How Kenya Became Apple’s Imaginary Eden

By Soko Directory Team / Published February 14, 2024 | 10:41 am





In the heart of Africa, a tale as old as time—or at least as vintage as the first iPhone—unfolds in Kenya, where President Vasco Danganya spins tales finer than the silk of a spider’s web. In a world where facts are as elusive as a leopard in the night, Danganya claims Apple has planted its seeds deep in Kenyan soil, employing a forest of 23,000 Kenyans, making the savannahs buzz with the sounds of Siri.

Let’s embark on a safari into the heart of this fable. Picture, if you will, the vast plains of Kenya, now dotted with Apple orchards that don’t exist, tended by Kenyan employees who are as real as the unicorns that roam Nairobi’s non-existent subways. It’s a modern marvel, a secret Silicon Valley, where every lion, giraffe, and elephant proudly sports an iPhone, all thanks to Danganya’s visionary leadership.

In the bustling markets, whispers of wisdom echo, “The monkey who lies too much is never believed when he tells the truth,” a saying as ancient as the sands of the Sahara, reminding us of the perils of falsehood. Yet, our dear leader, in his infinite jest, skips like a gazelle over the truth, landing squarely in the realm of make-believe.

Read Also: Apple’s Privacy Shift Costs Facebook and Other Sites $9.85bn in Revenues

Let’s not forget the renowned Arabian proverb, “He who speaks the truth must keep one foot in the stirrup.” Danganya has opted for a helicopter, soaring high above the need for such earthly concerns as honesty, especially when discussing Apple’s presence in Kenya.

In a twist that would make Scheherazade blush, Danganya’s Kenya houses more Apple employees than a magic lamp houses genies. For perspective, Safaricom, the giant of Kenyan commerce, employs around 6,000 souls, a mere fraction of the mythical Apple workforce. It seems arithmetic in Kenya is as flexible as a baobab tree in a storm.

The Japanese have a saying, “Lies will probably get you out of a scrape, but they will not get you out of trouble.” Perhaps someone should whisper this into Danganya’s ear at the next cabinet meeting, where plans are likely being drawn to turn Kilimanjaro into a giant iPhone charger.

The graph above illustrates the distribution of Apple employees across the globe, including the claimed number for Kenya. Each region is color-coded for clear visualization. This representation highlights the discrepancy between the official global distribution and the claimed figure for Kenya, showcasing the significant difference in proportions.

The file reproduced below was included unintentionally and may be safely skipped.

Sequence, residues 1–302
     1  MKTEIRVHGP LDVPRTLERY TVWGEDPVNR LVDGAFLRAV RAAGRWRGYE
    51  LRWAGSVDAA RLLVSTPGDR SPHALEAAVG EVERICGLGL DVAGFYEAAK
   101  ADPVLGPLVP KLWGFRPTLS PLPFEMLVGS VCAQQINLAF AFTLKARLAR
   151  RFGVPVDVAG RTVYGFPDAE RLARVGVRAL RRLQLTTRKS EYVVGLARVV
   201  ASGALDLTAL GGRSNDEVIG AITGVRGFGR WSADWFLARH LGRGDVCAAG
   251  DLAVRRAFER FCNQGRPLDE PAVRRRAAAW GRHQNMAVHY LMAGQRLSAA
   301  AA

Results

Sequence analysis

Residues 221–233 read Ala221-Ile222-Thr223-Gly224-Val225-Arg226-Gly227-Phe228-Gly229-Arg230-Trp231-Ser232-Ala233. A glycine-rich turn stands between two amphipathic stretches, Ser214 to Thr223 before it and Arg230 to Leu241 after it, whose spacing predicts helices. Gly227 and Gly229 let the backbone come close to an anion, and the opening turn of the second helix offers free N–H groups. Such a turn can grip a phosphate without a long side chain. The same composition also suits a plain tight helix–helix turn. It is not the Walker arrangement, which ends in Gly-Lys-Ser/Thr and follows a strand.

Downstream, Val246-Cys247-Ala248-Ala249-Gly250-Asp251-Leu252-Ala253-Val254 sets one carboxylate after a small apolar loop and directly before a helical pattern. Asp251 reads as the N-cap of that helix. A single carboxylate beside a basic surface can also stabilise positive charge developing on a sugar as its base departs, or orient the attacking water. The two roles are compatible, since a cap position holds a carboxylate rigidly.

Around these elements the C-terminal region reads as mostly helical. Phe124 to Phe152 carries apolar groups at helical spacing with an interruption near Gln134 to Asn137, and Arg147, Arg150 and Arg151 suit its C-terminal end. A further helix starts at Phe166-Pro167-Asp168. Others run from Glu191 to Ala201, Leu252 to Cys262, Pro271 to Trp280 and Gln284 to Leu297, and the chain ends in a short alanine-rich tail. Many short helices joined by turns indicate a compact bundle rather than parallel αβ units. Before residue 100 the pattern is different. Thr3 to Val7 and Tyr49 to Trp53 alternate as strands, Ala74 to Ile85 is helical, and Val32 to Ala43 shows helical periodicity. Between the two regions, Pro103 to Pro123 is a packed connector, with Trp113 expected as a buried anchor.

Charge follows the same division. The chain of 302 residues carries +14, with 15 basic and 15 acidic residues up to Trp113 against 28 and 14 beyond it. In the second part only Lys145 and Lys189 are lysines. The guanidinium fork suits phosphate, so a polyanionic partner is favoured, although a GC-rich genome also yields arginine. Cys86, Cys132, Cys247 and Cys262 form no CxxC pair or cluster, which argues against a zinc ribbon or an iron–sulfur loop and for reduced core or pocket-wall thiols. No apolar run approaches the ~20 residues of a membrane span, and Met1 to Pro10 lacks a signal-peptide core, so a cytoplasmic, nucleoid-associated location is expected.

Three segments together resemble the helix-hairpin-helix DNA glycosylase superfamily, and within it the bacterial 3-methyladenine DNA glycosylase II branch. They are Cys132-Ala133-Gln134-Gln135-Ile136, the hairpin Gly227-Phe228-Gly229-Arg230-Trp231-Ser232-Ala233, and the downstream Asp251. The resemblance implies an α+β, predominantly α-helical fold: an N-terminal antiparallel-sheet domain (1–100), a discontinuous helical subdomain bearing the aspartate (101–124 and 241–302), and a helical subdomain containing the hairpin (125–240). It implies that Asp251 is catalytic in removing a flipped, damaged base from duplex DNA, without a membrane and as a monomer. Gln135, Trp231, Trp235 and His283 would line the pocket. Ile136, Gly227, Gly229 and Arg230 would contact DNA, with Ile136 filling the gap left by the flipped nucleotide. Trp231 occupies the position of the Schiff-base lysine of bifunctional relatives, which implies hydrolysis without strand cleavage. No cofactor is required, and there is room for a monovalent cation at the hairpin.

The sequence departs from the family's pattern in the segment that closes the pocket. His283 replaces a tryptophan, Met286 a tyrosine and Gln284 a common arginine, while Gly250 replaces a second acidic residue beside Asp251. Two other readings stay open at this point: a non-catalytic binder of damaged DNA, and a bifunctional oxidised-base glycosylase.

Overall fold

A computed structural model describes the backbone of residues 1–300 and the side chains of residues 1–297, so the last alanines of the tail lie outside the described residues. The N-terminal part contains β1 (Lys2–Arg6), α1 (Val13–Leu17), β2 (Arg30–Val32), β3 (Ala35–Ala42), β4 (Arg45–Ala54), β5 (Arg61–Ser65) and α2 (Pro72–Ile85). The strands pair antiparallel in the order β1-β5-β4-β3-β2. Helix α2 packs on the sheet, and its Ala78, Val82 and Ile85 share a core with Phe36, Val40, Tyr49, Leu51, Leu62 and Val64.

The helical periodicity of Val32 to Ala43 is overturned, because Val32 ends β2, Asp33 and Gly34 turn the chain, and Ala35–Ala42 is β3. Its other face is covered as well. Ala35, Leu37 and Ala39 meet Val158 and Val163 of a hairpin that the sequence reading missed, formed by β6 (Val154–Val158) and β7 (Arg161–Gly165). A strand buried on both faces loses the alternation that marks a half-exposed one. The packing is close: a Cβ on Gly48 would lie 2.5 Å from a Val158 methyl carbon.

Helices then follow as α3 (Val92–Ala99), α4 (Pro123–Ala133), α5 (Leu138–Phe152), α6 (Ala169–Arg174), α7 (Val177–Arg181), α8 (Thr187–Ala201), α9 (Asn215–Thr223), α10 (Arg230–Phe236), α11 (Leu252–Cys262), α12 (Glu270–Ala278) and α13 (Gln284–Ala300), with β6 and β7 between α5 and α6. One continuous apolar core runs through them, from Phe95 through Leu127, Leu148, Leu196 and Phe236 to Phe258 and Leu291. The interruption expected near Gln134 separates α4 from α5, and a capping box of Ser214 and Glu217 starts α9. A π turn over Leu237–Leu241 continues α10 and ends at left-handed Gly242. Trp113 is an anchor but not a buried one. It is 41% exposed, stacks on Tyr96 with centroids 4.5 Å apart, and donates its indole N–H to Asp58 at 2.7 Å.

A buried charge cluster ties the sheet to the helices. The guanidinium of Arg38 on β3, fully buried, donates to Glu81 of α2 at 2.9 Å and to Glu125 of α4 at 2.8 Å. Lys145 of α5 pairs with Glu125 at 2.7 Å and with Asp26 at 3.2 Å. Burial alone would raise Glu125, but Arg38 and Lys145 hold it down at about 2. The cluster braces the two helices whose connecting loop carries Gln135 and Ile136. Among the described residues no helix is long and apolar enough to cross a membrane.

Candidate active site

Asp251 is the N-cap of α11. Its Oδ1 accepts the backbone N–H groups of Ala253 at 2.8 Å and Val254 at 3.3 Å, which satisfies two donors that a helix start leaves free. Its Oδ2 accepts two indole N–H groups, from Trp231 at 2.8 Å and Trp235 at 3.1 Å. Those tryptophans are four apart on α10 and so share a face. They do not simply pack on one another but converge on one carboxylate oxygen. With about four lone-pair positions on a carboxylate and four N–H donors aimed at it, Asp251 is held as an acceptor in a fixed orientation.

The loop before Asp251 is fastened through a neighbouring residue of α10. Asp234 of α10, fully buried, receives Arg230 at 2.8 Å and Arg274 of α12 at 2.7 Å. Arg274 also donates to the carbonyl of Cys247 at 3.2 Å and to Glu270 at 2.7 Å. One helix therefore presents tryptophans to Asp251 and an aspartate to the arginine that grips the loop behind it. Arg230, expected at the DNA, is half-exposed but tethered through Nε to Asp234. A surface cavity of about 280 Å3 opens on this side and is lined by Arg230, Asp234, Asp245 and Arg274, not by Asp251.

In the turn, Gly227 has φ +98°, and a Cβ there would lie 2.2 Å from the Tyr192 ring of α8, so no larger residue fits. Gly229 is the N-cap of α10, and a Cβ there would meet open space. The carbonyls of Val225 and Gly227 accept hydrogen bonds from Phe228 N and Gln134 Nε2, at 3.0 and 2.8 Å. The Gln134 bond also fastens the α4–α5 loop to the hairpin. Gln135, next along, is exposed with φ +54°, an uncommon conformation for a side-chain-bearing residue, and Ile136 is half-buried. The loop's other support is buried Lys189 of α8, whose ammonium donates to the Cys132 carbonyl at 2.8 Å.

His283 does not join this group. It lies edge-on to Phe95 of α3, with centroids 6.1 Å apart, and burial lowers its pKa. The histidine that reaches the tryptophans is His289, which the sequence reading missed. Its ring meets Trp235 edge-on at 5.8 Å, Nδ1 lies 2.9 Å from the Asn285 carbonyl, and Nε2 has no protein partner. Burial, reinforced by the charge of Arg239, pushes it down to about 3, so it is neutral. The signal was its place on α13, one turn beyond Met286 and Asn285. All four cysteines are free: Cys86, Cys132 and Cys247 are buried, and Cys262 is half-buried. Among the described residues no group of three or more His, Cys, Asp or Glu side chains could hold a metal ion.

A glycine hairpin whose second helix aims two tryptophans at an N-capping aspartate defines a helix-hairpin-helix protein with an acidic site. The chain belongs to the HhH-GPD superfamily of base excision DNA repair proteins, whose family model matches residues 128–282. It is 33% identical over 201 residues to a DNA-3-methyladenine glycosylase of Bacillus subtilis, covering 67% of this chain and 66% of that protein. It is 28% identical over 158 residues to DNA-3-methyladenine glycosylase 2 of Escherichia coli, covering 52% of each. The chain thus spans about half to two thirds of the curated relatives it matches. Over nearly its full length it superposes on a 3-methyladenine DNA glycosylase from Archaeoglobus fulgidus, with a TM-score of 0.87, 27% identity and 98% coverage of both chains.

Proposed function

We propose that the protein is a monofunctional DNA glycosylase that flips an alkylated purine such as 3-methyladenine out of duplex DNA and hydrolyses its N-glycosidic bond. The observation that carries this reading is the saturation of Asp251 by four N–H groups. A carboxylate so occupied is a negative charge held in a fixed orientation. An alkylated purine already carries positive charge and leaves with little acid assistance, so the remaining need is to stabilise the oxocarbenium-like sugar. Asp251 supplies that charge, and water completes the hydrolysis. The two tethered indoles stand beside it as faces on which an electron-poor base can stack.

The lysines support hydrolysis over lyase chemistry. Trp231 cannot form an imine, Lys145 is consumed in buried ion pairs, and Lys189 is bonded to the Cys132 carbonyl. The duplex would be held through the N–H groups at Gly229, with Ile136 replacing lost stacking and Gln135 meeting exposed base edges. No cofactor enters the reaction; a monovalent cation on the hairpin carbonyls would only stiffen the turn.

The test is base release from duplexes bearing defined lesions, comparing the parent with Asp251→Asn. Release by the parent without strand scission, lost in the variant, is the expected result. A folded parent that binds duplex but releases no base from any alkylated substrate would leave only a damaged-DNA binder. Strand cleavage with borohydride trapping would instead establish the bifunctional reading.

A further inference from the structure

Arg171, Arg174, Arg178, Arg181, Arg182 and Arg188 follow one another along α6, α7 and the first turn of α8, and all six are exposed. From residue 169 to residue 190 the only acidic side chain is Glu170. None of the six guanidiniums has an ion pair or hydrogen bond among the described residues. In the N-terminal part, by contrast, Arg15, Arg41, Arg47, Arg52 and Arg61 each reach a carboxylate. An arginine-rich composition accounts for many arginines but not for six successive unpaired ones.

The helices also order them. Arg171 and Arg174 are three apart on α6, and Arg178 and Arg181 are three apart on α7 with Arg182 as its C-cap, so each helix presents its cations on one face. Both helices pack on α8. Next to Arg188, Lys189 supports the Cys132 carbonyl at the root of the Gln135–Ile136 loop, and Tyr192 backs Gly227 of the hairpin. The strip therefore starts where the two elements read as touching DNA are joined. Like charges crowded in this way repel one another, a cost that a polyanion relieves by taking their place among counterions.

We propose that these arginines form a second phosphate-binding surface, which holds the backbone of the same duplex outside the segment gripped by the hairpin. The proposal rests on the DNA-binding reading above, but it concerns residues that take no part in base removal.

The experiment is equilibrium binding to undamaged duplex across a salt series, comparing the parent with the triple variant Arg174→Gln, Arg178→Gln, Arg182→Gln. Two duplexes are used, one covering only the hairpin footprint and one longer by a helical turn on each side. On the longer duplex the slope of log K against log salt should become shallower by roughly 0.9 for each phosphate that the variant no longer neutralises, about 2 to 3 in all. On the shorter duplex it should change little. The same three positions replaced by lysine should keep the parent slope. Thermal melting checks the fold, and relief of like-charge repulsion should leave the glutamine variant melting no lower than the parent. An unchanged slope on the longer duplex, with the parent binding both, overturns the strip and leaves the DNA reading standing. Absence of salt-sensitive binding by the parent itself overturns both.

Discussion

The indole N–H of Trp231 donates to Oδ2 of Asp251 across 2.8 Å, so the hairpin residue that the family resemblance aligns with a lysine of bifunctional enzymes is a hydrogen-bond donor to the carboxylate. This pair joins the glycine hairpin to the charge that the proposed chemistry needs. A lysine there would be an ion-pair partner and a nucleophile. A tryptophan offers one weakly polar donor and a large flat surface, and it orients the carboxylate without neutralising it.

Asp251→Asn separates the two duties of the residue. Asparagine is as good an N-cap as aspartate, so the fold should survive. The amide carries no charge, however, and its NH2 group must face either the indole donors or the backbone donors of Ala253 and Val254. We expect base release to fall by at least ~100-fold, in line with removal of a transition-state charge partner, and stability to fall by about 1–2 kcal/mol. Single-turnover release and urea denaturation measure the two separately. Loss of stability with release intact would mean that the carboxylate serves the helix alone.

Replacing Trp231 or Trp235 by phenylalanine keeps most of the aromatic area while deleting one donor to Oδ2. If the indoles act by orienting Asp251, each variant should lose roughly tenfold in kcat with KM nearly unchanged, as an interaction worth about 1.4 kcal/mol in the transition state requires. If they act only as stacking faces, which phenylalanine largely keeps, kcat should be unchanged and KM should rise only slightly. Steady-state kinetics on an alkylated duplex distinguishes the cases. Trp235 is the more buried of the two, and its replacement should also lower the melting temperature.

Across the sea, in the land where Apple’s roots truly lie, the company employs 161,000 people globally. Danganya would have us believe that 14% of this orchard thrives in Kenyan soil. If true, this would be a feat more miraculous than finding water in the desert. Yet, the mirage fades upon closer inspection, revealing a landscape barren of any Apple offices, let alone an employee base of such mythical proportions.

Why, one might ask, would our esteemed leader embark on such a fantastical voyage of fabrication? The answer, as elusive as a leopard’s spots, may lie in the ancient African wisdom that says, “A liar is a thief’s brother.” In fabricating such grandiose tales, Danganya pilfers from the treasury of trust, leaving behind a deficit of credibility.

As Kenyans, we must heed the call of the wise, to “point out the hyena, even if he is your brother.” It is our duty, our burden, and our privilege to call out the falsehoods, to stand firm like the mighty baobab against the winds of deceit.

In the grand mosaic of untruths, where Danganya’s Kenya becomes the Silicon Savannah, we find a cautionary tale. It’s a world where President Moi and Mobutu Sese Seko are invoked not as ghosts of tyranny, but as specters of a past that whispers, “Beware the leader who plants seeds of falsehood, for they shall reap a harvest of discontent.”

As for Apple’s absence in Africa, it’s a mystery wrapped in a riddle, shrouded in the mists of corporate strategy. Perhaps the continent’s vibrant markets, and its untapped potential, do not sparkle enough in the cold light of Silicon Valley’s gaze. Or maybe, just maybe, the tech titan awaits a truth-teller, a leader who can navigate the narrow path between fantasy and reality, to truly open the gates of innovation.

In this fable of fibs, let us find the moral, the kernel of truth that nourishes the soul: “A nation thrives not on the lies it cultivates, but on the truth it harvests.” May this be the lesson of Danganya’s Kenya, a land where the only Apple harvest comes from the seeds of honesty, sown in the fertile ground of integrity?

And so, dear Kenyans, let us laugh in the face of falsehoods, for in humor we find strength, and in truth, we find freedom. Let us call out the lies, not with fear, but with the bold.

Read Also: The Judiciary Should Redeem Itself Or Leave Us To Operate In Anarchy




About Soko Directory Team

Soko Directory is a Financial and Markets digital portal that tracks brands, listed firms on the NSE, SMEs and trend setters in the markets eco-system.Find us on Facebook: facebook.com/SokoDirectory and on Twitter: twitter.com/SokoDirectory

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